Videotaping the Revolution
May Day Vietnam Protest in Washington, DC, 1971, via Third Space Network
What do we see when we point the camera at ourselves?
It’s difficult to imagine a world without video sharing platforms like YouTube, Vimeo, Twitch, WorldStarHipHop, Dailymotion, Youku, and yes, even Pornhub. Forget that the legacy film industry considers Internet streaming services like Netflix, Hulu, and Amazon as disruptors — not only do we have more choices for watching films and television than ever before, we’re watching ourselves more than ever.
Let’s rewind the clock to 1967, when Sony introduced the Portapak DV-2400 Video Rover, the first portable video system: a heavy, clunky two-piece set consisting of a large black-and-white video camera and a separate record-only ½” reel-to-reel VTR. (A separate VTR was required for video playback.) The one (sometimes two) person operation was light-years ahead of previous attempts at home video technology, the very first of which was 1963’s 100-pound Ampex VR-1500 video recorder that retailed for $30,000 USD and required an Ampex engineer to set it up for you.
At the time, many consumers were still making their own films with Super8 and 16mm film cameras in all the ways we use our smartphones and contemporary video cameras — for private consumption, for sharing with friends — but methods of distribution were limited. Making copies of home movies and independent films (such as they were) was costly, cumbersome, and time-consuming, and as such there was virtually no exhibition platform for these films other than one’s own home projector. Television was another matter.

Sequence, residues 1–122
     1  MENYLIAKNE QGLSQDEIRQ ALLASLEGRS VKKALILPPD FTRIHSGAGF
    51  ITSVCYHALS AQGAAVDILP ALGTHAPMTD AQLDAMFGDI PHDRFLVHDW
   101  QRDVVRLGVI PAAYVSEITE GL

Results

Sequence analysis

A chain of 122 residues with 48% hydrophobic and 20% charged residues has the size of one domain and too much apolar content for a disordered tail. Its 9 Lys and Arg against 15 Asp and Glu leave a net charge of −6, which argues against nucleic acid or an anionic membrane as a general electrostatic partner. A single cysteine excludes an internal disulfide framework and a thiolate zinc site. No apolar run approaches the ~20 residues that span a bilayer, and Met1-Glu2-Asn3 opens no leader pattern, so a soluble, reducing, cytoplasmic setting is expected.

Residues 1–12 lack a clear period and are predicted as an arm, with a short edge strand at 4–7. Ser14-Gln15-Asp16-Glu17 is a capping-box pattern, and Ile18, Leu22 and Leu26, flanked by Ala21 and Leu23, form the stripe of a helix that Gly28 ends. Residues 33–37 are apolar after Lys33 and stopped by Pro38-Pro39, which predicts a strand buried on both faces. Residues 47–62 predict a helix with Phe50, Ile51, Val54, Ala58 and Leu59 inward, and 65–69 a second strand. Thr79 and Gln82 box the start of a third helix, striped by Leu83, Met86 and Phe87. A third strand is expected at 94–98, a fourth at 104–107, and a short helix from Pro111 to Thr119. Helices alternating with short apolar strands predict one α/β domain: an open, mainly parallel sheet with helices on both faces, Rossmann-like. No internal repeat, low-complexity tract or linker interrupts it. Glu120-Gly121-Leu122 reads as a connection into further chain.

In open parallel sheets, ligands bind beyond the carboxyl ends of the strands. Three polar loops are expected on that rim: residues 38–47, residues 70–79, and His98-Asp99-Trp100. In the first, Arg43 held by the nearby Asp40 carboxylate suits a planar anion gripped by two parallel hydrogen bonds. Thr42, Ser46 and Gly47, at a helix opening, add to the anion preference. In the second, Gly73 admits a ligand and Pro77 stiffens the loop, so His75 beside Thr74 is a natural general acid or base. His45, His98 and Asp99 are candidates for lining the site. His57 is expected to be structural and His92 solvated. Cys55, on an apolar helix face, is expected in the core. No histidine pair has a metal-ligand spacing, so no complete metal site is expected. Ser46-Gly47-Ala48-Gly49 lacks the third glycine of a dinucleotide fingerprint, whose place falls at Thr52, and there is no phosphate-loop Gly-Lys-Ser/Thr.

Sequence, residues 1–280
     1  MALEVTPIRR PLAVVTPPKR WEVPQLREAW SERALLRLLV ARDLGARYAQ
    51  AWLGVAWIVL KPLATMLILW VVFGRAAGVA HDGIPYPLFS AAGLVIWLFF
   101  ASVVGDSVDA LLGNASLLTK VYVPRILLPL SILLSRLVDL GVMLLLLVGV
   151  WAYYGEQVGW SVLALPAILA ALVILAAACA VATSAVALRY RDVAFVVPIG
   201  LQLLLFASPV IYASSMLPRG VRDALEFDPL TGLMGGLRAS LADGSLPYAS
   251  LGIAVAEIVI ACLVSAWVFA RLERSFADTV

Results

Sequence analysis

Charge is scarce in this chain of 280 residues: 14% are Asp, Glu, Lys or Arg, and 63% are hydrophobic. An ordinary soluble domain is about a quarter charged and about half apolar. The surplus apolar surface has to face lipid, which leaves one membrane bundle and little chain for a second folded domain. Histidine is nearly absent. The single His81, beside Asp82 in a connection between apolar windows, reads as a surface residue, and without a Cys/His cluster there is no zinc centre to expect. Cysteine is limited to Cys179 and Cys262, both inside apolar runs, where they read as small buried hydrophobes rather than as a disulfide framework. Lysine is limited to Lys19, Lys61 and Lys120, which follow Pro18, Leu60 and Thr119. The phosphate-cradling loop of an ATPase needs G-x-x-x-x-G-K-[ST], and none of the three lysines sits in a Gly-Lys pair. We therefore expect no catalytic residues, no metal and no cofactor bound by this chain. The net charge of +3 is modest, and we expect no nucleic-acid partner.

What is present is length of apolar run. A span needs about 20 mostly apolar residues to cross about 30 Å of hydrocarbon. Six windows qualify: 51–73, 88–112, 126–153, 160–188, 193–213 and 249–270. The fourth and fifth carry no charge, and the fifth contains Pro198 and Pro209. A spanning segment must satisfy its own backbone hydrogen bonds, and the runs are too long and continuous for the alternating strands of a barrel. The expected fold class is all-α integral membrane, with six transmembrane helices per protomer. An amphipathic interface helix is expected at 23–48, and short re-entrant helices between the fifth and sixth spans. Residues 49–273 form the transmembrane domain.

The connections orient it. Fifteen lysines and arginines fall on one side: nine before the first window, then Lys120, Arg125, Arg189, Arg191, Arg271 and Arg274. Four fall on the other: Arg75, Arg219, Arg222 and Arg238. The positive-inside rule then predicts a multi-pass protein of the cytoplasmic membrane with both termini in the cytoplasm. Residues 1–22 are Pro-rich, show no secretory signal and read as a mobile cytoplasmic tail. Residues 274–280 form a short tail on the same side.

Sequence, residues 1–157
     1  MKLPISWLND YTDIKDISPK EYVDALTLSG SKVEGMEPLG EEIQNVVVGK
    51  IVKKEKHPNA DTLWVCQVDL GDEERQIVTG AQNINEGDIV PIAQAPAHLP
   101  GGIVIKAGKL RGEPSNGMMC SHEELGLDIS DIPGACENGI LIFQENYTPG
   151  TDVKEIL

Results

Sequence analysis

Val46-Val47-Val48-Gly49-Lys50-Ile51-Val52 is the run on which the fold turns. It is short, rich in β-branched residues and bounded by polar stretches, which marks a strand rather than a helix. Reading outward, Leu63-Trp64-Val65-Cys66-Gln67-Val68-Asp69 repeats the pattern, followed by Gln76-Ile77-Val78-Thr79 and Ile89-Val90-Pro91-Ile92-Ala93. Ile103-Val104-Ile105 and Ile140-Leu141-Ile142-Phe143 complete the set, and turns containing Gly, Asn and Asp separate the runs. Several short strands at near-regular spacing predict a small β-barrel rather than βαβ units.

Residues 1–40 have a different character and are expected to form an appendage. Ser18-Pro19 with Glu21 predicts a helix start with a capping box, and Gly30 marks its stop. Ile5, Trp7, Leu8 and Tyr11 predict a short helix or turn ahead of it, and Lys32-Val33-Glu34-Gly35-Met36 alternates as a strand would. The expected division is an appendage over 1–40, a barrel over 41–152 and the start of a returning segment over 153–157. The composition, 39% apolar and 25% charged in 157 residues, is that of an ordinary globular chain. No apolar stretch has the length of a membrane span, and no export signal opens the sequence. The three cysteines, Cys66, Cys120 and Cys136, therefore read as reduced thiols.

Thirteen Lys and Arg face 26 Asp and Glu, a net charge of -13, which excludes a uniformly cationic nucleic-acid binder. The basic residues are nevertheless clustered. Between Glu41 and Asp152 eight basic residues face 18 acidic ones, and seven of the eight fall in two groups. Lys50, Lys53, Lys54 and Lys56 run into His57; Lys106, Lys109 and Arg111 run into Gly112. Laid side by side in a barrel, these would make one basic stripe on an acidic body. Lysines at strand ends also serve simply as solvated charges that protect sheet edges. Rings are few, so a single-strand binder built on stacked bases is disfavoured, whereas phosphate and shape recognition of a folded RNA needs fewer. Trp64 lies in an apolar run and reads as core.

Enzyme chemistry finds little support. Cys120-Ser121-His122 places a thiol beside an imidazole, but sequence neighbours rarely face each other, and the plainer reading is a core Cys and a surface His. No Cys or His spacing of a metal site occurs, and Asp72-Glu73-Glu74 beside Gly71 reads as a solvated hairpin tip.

Television was video: electronic sound and picture recorded to the same magnetic tape, which was easier to edit than film, and could be duplicated over and over again, up to a certain number of generations. You could reuse tape. You could transmit it directly into people’s homes, which in 1960 included 52 million sets — nine out of ten American households. (Compared to only 78 percent of households with a broadband connection in 2015.)